When configuring the "Set Variable Value" action you can either choose from a list of variables already in your file or you can click "Add Variable" to be taken to the Global Variables dialog.

In the dropdown at the bottom of the right-hand column of the Case Editor, choose what your target variable's value will be set to. Choose from the following options:

Value: A value you manually enter or that you define with an expression, by clicking the "fx" button.

Value of variable: The value stored in another variable. Choose from the list of variables or add a new one.

Length of variable value: The length (in number of characters) of another variable value. Choose from the list of variables or add a new one.

Text on widget: The text on a widget, or the text entered into a text field or text area. Choose a target...

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GNU make: Using Variables

6 How to Use Variables

A variable is a name defined in a makefile to represent a string of text, called the variable’s value. These values are substituted by explicit request into targets, prerequisites, recipes, and other parts of the makefile. (In some other versions of make, variables are called macros.)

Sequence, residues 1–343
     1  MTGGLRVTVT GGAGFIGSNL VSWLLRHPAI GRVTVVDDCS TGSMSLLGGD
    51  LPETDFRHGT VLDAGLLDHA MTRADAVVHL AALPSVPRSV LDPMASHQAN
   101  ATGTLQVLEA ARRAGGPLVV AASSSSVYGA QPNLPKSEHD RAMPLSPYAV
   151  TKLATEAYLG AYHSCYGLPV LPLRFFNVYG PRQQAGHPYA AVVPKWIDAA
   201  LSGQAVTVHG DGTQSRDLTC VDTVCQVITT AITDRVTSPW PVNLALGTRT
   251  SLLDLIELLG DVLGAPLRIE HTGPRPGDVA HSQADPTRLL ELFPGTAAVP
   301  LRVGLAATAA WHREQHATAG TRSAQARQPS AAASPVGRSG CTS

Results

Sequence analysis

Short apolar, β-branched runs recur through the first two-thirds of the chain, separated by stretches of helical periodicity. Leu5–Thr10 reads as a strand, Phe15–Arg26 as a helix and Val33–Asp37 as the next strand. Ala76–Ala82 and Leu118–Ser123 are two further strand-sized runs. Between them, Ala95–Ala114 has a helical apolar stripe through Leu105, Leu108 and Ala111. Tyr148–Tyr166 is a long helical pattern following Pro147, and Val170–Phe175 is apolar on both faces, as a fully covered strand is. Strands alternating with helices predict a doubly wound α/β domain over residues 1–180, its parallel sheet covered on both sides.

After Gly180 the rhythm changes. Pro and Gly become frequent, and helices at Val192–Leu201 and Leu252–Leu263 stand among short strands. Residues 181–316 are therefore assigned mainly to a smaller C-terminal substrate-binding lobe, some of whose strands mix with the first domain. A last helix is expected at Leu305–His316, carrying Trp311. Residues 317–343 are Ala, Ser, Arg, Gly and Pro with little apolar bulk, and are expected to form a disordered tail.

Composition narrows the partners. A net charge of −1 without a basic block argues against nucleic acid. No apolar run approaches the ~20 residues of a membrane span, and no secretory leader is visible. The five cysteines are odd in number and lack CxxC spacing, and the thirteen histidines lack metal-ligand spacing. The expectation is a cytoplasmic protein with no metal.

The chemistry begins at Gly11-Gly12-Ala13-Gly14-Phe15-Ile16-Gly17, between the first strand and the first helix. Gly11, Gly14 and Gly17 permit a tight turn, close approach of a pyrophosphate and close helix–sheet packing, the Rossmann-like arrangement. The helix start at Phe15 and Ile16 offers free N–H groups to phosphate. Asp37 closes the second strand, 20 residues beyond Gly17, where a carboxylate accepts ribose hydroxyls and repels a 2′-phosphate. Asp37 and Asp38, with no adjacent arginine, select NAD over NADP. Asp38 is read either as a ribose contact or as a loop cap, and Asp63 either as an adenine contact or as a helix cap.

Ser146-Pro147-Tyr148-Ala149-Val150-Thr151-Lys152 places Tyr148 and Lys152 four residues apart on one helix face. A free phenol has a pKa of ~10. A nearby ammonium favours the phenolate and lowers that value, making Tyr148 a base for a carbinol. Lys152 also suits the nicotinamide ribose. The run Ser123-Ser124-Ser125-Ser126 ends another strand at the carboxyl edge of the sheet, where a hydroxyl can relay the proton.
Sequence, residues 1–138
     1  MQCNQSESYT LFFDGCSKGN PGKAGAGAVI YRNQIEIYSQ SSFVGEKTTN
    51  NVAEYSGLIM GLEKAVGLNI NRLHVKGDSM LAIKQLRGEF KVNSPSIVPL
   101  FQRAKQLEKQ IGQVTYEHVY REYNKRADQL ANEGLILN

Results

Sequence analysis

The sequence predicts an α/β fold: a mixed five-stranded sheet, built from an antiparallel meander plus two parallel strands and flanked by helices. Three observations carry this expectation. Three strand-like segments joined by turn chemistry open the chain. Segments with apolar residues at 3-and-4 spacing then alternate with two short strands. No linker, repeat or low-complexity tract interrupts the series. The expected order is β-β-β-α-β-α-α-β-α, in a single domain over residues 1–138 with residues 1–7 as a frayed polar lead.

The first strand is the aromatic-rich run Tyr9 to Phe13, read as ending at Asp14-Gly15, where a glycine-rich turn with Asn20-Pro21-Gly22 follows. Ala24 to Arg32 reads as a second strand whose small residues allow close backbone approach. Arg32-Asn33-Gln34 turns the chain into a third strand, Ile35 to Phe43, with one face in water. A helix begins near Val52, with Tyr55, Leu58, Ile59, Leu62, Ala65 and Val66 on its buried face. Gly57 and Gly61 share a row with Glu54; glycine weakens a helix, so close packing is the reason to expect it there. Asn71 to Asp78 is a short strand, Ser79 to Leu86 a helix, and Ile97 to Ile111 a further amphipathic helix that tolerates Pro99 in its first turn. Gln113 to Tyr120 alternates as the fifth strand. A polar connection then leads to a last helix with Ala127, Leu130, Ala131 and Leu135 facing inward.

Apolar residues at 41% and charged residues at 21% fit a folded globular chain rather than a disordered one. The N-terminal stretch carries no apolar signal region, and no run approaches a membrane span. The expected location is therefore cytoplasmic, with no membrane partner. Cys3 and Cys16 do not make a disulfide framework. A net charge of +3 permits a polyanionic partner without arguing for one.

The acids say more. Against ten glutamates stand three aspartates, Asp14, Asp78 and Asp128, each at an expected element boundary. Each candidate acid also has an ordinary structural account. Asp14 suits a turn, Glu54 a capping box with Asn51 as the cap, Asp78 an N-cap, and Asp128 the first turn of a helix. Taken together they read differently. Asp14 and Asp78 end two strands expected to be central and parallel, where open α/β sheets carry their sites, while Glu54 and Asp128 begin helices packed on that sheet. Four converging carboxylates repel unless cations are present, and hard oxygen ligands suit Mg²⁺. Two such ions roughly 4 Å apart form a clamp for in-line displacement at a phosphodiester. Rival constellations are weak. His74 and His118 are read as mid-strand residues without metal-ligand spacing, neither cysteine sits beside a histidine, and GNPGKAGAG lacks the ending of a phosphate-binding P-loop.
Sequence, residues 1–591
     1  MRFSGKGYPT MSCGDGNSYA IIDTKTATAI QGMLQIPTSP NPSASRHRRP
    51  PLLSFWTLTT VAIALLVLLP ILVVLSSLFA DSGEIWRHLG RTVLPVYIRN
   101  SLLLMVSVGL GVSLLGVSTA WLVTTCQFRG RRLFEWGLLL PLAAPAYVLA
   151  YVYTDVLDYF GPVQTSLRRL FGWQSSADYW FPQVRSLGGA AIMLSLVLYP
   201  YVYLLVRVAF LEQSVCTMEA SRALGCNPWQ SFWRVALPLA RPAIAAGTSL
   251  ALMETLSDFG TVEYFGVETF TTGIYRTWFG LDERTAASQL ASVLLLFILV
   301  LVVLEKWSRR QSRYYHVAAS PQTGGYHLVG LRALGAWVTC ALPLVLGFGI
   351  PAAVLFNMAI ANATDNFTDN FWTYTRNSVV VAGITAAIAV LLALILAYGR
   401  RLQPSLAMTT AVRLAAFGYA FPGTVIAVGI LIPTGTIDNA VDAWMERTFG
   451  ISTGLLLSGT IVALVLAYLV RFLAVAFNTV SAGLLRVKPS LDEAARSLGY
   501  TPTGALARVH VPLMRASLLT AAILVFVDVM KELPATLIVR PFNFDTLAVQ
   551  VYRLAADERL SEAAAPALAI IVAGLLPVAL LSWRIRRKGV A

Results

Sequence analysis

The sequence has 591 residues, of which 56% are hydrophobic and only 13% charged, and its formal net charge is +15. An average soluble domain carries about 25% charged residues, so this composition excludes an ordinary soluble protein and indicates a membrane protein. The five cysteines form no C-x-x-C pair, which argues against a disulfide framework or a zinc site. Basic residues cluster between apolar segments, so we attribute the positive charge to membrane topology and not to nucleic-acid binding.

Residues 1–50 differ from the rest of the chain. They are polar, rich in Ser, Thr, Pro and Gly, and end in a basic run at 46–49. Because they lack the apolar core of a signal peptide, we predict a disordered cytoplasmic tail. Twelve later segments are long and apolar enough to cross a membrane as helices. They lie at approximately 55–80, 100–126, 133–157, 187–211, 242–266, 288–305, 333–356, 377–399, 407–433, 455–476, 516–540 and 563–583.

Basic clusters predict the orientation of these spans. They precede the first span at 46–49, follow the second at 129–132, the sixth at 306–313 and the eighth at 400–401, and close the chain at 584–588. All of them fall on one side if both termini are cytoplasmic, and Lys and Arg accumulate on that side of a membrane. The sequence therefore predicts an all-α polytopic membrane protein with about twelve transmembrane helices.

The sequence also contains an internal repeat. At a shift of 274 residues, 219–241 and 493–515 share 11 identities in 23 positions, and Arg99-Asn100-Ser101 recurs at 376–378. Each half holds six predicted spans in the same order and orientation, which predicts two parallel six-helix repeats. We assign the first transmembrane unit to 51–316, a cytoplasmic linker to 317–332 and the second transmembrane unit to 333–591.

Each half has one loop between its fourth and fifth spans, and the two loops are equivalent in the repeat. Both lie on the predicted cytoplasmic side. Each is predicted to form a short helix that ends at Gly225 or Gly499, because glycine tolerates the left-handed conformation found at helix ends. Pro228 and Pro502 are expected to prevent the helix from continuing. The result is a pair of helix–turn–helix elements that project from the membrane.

Variables and functions in all parts of a makefile are expanded when read, except for in recipes, the right-hand sides of variable definitions using ‘=’, and the bodies of variable definitions using the define directive.

Variables can represent lists of file names, options to pass to compilers, programs to run, directories to look in for source files, directories to write output in, or anything else you can imagine.

A variable name may be any sequence of characters not containing ‘:’, ‘#’, ‘=’, or whitespace. However, variable names containing characters other than letters, numbers, and underscores should be considered...

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Environment variables provide a way to influence the behaviour of software on the system. For example, the "LANG" environment variable determines the language in which software programs communicate with the user.